The Tyranny of the Marginal User - by Ivan Vendrov:
Here’s what I’ve been able to piece together about the marginal user. Let’s call him Marl. The first thing you need to know about Marl is that he has the attention span of a goldfish on acid. Once Marl opens your app, you have about 1.3 seconds to catch his attention with a shiny image or triggering headline, otherwise he’ll swipe back to TikTok and never open your app again.
Marl’s tolerance for user interface complexity is zero. As far as you can tell he only has one working thumb, and the only thing that thumb can do is flick upwards in a repetitive, zombielike scrolling motion. As a product designer concerned about the wellbeing of your users, you might wonder - does Marl really want to be hate-reading Trump articles for 6 hours every night? Is Marl okay? You might think to add a setting where Marl can enter his preferences about the content he sees: less politics, more sports, simple stuff like that. But Marl will never click through any of your hamburger menus, never change any setting to a non-default. You might think Marl just doesn’t know about the settings. You might think to make things more convenient for Marl, perhaps add a little “see less like this” button below a piece of content. Oh boy, are you ever wrong. This absolutely infuriates Marl. On the margin, the handful of pixels occupied by your well-intentioned little button replaced pixels that contained a triggering headline or a cute image of a puppy. Insufficiently stimulated, Marl throws a fit and swipes over to TikTok, never to return to your app. Your feature decreases DAUs in the A/B test. In the launch committee meeting, you mumble something about “user agency” as your VP looks at you with pity and scorn. Your button doesn’t get deployed. You don’t get your promotion. Your wife leaves you. Probably for Marl.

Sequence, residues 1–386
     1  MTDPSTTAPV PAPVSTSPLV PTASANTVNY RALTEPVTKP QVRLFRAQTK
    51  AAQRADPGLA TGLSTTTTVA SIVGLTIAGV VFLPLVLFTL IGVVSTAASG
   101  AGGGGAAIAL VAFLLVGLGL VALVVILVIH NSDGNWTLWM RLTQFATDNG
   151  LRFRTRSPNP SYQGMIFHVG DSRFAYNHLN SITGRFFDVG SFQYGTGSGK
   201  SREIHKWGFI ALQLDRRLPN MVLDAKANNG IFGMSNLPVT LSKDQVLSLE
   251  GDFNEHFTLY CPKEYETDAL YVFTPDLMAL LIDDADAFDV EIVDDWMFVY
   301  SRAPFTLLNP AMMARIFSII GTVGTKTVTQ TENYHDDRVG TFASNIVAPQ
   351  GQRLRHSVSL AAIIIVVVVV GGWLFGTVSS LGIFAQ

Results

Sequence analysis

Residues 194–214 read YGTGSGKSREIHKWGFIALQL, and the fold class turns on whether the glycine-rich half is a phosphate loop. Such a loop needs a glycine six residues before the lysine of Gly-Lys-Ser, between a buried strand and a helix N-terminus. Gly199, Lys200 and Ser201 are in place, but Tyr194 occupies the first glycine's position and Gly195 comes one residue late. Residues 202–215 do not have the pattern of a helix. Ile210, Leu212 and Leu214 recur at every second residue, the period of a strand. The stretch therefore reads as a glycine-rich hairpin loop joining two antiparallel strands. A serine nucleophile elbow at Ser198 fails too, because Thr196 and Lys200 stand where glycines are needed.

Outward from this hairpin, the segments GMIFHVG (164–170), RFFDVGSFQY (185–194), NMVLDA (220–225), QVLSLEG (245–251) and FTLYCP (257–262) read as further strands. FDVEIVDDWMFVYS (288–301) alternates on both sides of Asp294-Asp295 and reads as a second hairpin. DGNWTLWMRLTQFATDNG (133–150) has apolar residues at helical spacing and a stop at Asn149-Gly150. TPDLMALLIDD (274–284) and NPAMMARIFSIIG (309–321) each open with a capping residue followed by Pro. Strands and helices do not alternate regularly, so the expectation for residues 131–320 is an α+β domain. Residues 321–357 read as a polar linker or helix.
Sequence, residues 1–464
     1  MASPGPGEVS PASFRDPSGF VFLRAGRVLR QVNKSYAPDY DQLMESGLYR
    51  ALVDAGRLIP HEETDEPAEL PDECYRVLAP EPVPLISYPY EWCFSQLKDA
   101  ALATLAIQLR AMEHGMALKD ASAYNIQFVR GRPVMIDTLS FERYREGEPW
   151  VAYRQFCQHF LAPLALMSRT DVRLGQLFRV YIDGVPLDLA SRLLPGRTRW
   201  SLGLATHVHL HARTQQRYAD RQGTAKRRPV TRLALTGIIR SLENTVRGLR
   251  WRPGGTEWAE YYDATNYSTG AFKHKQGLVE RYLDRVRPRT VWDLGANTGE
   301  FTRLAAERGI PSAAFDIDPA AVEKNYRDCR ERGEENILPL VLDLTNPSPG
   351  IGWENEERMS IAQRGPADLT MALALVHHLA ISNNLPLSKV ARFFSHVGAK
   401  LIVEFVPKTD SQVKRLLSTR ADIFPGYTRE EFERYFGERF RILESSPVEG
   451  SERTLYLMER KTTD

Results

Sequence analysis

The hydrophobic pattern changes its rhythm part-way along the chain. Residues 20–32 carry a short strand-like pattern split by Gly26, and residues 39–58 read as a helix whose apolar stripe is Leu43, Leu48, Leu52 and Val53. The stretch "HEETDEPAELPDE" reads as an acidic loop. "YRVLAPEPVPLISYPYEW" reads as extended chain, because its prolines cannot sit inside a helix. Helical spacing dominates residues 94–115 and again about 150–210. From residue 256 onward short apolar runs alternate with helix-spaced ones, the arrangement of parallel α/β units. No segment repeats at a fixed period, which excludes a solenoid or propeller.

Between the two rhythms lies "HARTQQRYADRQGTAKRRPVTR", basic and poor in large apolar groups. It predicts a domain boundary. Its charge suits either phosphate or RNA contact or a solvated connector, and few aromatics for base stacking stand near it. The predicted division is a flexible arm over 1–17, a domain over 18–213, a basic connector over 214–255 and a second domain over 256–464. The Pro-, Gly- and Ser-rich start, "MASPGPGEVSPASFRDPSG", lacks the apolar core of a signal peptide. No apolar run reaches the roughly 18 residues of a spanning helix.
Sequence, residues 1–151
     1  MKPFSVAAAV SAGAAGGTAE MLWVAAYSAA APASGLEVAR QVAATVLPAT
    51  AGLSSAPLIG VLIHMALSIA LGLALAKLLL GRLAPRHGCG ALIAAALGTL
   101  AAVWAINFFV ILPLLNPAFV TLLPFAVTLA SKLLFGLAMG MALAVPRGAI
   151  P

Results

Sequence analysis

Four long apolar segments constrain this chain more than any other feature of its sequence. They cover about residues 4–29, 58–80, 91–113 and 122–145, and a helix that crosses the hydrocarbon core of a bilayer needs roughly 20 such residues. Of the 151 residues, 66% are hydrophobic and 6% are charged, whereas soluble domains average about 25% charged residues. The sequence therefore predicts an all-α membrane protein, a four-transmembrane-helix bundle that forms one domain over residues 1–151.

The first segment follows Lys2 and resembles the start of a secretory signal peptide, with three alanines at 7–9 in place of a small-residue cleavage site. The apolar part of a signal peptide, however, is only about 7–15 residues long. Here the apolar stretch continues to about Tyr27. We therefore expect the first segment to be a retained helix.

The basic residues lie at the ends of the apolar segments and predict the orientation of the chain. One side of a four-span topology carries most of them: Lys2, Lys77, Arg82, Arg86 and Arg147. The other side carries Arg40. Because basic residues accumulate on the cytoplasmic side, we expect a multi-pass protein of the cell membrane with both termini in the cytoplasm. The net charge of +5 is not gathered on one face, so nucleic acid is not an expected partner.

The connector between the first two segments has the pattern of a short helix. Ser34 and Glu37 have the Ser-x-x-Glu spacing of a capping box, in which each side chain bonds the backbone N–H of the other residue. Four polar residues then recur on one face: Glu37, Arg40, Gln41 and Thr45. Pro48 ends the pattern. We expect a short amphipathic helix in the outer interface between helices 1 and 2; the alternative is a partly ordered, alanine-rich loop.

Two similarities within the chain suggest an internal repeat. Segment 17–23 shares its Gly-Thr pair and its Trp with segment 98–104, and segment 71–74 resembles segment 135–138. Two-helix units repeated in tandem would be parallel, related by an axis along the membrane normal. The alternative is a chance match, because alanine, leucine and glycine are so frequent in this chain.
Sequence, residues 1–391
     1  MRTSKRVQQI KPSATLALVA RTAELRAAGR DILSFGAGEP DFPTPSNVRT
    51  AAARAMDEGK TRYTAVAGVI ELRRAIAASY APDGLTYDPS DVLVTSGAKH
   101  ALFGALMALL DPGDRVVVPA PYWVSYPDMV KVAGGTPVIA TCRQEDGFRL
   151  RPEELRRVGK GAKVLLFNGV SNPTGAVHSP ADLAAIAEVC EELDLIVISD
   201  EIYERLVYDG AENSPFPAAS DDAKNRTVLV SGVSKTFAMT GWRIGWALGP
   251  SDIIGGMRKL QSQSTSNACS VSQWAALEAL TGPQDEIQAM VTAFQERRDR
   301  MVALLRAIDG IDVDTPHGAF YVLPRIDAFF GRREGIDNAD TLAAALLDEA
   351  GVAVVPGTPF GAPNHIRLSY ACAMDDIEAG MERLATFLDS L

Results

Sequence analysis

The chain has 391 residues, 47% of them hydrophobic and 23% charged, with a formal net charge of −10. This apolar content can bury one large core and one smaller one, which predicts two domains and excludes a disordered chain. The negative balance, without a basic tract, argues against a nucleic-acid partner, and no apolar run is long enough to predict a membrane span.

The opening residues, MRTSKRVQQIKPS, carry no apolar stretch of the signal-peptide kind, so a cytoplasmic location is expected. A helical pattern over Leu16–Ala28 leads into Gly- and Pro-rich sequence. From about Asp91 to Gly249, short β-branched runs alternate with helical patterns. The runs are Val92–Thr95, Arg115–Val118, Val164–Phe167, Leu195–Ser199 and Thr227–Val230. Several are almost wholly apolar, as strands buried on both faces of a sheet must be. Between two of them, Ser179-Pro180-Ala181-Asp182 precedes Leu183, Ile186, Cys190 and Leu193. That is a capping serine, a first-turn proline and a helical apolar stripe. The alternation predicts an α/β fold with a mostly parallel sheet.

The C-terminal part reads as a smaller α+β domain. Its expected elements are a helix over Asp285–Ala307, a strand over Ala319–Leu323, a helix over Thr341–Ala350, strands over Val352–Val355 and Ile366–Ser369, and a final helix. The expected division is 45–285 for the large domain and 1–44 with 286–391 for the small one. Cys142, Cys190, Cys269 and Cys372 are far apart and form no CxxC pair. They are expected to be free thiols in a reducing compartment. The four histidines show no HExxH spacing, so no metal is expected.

Yep, this is a big part of why software sucks. The product doesn’t have to be good; it just to keep attracting new users.